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Best Blues/Rock Guitarest That Only the Illuminati Are Hip To

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As I never cease to be impressed by the aggregate of musical knowledge on this board I thought this might be fun... Who would you put forward as the best guitar player that most folks will either draw a blank on or say "Oh, so THAT'S who that was..." Here's the ground rules: This person must have actually been in a band or two who has actually recorded something that people can buy/download. Your buddy that plays in the house band at Horse Feathers Saloon may indeed be the second coming of Alvin Lee, but as their commercial output consists of 100 CDs that they were able to get produced on a "buy 50 get 50 free" special, we're not going to be listing folks like that. 

Nor should we be listing grotesquely underrated musicians that most people have heard of that don't get their due from mainstream music critics. Just for laughs I looked at a "ten best guitarests" list from whatculture or another of those airhead sites that make absurd lists in lieu of actual content (in other words a seemingly random list of names with no discussion as to WHY said person is listed. Anyway, the first thing I noticed was that Jeff Beck was not on the list, which sort of serves to invalidate the whole thing. Anyway, this exercise is not for people like Jeff Beck, I think it safe to assume that everyone participating knows who Jeff Beck is, and if you don't, you should probably LURK & LEARN. 

Okay, I shall start the ball rolling with a guy that goes back to very beginnings of British blues/rock, jamming with people like Beck, Jimmy Page and others in  Alexis Korner's Blues Incorporated and the Cyril Davies' Blues All-Stars. Just a quick aside, pretty much everyone who was anyone in the original British blues/rock scene came from one of these two bands, or at least jammed with them or with Long John Baldry's Hoochie-Koochie Men. Anyway, the guy I'm thinking about finally gravitated toward (and joined briefly) the Savoy Brown Blues Band. Stone left the band before it began to achieve its greatest success touring the US non-stop and fronted by "Lonesome Dave" Peverett. Stone was on the short list to replace Brian Jones in the Rolling Stones, but the Stones opted for Mick Taylor instead.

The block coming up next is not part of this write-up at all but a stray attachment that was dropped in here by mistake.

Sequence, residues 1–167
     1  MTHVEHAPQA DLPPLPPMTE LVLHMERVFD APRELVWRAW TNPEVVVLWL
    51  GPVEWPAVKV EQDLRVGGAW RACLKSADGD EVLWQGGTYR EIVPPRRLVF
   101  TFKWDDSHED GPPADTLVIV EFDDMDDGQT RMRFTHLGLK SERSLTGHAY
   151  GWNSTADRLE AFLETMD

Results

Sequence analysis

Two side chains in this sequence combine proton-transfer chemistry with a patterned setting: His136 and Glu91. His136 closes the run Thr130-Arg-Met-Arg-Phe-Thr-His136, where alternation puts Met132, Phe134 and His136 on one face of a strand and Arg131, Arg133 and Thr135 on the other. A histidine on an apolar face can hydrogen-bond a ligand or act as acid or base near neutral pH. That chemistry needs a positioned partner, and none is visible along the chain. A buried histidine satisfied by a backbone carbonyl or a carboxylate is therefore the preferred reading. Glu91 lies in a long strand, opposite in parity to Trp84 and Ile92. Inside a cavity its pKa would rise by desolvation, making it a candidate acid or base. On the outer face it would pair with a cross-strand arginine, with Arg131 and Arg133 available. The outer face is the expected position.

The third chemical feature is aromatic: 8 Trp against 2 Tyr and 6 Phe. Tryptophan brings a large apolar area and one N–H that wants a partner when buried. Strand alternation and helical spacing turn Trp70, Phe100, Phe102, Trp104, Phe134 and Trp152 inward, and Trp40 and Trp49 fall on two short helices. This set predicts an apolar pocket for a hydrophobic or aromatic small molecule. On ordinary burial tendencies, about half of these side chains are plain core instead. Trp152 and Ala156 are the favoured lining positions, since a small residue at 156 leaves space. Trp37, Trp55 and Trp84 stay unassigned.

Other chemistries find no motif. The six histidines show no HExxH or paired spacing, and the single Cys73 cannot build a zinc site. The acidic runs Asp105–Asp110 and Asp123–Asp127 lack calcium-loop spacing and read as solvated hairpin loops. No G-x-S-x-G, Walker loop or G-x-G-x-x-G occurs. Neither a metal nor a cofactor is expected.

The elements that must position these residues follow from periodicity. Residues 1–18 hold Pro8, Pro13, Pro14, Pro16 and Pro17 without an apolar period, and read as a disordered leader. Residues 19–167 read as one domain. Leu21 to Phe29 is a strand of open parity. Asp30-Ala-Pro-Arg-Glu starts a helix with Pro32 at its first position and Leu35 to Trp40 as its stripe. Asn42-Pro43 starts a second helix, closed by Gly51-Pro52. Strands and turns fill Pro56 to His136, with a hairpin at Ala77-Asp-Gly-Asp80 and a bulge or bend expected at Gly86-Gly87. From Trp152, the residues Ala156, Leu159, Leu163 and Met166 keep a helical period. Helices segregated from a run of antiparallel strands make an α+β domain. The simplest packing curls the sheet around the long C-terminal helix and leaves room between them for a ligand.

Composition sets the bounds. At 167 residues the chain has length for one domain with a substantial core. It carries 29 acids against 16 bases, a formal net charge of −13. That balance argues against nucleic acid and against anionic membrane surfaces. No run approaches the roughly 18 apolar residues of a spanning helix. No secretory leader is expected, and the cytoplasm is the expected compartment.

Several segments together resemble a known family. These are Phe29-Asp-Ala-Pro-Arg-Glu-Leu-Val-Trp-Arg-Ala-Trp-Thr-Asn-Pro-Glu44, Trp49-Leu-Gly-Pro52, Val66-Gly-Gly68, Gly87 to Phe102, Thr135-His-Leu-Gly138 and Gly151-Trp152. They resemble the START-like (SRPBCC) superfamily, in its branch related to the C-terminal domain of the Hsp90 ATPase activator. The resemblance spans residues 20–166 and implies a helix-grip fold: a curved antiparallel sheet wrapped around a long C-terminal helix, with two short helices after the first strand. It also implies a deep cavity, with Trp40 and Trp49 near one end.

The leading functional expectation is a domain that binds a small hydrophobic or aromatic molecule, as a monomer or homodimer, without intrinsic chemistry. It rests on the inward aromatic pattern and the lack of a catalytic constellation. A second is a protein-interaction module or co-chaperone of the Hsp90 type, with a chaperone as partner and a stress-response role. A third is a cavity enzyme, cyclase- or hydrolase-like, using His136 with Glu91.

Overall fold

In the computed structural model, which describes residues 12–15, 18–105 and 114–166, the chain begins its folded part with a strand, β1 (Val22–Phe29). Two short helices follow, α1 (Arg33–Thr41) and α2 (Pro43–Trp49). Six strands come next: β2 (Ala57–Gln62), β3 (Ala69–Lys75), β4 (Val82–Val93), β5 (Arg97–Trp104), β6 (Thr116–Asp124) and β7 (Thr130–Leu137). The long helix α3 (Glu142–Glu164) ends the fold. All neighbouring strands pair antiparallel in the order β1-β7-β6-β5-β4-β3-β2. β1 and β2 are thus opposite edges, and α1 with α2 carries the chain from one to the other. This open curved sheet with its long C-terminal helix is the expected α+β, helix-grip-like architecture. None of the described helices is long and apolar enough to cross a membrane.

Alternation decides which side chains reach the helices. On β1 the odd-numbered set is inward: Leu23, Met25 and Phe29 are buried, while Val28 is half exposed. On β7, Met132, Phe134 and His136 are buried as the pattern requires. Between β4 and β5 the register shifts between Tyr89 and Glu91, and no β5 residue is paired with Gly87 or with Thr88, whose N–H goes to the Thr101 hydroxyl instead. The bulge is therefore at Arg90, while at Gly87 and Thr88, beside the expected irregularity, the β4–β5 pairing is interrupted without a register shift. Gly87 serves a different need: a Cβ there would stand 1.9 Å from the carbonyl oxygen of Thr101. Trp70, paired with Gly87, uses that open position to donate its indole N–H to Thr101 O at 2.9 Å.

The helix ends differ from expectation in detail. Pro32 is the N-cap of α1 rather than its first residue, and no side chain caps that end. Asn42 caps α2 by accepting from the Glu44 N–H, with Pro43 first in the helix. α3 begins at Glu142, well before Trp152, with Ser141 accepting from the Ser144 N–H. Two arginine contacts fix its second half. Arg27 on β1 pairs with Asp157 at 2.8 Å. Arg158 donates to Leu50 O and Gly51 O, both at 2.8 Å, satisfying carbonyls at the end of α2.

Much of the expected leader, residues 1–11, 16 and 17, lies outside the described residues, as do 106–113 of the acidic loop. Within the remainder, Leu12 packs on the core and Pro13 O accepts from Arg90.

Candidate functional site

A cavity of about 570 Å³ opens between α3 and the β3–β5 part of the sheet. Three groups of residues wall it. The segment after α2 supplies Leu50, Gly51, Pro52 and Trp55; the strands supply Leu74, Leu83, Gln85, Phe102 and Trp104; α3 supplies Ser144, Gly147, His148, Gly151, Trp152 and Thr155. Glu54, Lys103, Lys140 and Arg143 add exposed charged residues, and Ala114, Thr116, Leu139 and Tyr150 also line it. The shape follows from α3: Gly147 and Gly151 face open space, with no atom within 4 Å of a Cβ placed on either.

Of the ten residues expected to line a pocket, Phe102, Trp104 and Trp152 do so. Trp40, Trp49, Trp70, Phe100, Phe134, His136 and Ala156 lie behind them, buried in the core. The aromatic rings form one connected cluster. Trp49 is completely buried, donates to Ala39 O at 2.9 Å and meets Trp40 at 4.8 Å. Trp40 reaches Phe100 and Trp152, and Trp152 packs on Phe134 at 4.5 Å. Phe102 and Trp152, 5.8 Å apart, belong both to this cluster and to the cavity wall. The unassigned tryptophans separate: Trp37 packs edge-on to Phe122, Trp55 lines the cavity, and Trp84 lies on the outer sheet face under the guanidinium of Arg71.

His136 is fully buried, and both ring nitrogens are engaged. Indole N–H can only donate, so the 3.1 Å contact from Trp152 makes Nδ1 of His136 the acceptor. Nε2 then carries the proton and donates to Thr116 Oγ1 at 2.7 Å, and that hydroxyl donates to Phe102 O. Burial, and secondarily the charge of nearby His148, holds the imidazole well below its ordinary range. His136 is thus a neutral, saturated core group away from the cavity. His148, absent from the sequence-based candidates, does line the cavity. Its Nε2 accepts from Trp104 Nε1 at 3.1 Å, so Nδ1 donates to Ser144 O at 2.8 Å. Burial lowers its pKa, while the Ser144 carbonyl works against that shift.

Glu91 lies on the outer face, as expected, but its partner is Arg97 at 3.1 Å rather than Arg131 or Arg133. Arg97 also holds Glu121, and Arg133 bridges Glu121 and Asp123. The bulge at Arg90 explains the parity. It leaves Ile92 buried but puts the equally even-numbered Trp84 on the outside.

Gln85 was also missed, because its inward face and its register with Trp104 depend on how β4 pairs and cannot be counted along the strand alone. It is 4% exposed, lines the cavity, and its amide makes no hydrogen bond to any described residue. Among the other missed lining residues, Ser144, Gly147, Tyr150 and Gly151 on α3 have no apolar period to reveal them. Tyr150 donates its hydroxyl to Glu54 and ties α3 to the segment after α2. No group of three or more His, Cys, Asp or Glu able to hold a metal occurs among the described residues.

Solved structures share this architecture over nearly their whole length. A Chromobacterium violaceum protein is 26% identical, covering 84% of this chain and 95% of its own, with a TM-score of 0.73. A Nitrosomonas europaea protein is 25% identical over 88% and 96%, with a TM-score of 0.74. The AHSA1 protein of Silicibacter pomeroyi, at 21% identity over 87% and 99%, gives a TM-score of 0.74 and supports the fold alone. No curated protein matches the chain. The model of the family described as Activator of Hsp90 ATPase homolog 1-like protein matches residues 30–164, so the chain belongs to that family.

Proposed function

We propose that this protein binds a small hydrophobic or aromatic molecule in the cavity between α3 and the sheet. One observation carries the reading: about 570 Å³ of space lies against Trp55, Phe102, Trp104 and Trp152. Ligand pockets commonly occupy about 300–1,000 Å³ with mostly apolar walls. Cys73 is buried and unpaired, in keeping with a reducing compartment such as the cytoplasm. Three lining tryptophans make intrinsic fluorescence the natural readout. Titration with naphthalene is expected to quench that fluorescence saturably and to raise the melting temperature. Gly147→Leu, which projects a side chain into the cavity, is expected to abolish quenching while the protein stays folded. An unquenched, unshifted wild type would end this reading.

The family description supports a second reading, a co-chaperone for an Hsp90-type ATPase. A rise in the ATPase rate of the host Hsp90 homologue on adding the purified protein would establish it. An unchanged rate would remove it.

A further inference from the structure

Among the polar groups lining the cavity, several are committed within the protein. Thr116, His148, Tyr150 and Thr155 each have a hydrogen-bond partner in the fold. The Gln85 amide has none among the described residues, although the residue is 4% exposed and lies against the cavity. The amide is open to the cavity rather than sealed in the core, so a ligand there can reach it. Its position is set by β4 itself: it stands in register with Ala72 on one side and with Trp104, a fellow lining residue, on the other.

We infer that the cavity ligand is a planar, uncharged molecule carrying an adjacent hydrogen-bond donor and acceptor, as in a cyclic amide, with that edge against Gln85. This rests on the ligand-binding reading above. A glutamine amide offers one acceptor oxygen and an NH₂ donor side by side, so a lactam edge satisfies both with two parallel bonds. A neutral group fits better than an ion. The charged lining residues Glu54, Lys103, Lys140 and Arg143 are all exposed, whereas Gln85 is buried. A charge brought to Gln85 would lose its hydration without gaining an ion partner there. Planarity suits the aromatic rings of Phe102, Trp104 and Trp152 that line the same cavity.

About this time Stone struck up what was going to be a life-long friendship with Michael Moorcock collaborating on a number of projects that the two men were still tinkering with fifty years later. After leaving Savoy Brown, Stone joined The Action, and was instrumental in moving them from their mod-culture origins to the more psychedelic sound that most people are familiar with. The Action was still all but dying on the vine, even with a new direction, it could be said that the remaining members performed the kindness of figuratively taking the spirit of the Action out back and shooting it in the head allowing the band to be re-born as Mighty Baby, To fully underscore the demise of The Action. Mighty Baby's first release on Head Records, the cleverly titled Mighty Baby was full-blown psychedelia, without a mod-scooter anywhere in sight.  Stone was looking for a spiritual rebirth as well as a musical one, first becoming a sufi and then drifting to Chilli Willi and the Red Hot Peppers, while also finding time to play lead for Marrianne Faithfiul. Other projects included the French band Almost Presley and mirroring his growing dissatisfaction with the music business he became involved with Pink Fairies, a band known for their cheerful anarchism and copious indulgence in mind altering substances. Even as he continued to evolve musically, Stone was gradually undoing the threads that kept him tied to the music business and focusing more and more of his energies on becoming a bookseller. By the 1980s the transition was complete, and the man who was almost a Rolling Stone was instead one of the most famous book-scouts in the world.

So who ya got?

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Assuming metal counts, Joe Holmes. He had a stint as guitarist for David Lee Roth but never hit the studio.  He had a stint as Ozzy's touring guitarist, but only ever did one studio track (Walk on Water from the Bevis and Butthead movie)

He's got his own band, Farmikos, and they are awesome, but not nearly well known enough. His playing sounds like the lovechild of Randy Rhoads (who Holmes once took some lessons from) and Kim Thayil.

 

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I'm assuming from the mentions in this thread (and a bit of legwork) you mean MARTIN Stone, since you managed to write all that and never actually give his full name! Unless "Stone" is just how he's known to, I don't know, the Masons or something, and we should be looking for guitar-shaped patterns on our founding documents & paper currency since 1946.

And nope, never heard of him.

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4 hours ago, Contentious C said:

I'm assuming from the mentions in this thread (and a bit of legwork) you mean MARTIN Stone, since you managed to write all that and never actually give his full name! Unless "Stone" is just how he's known to, I don't know, the Masons or something, and we should be looking for guitar-shaped patterns on our founding documents & paper currency since 1946.

And nope, never heard of him.

Whoops! Yes, indeed I did mean Martin Stone (sorry about that), equally legendary in book collecting circles as one of the great book runners of all-time.

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The late John Cipollina of Quicksilver Messenger Service was one of the greatest who has been somewhat forgotten. Look for their live version of "Mona", it's awesome. Also, still with us is Steve Kimock, who might be the best player "no one" has heard of. 

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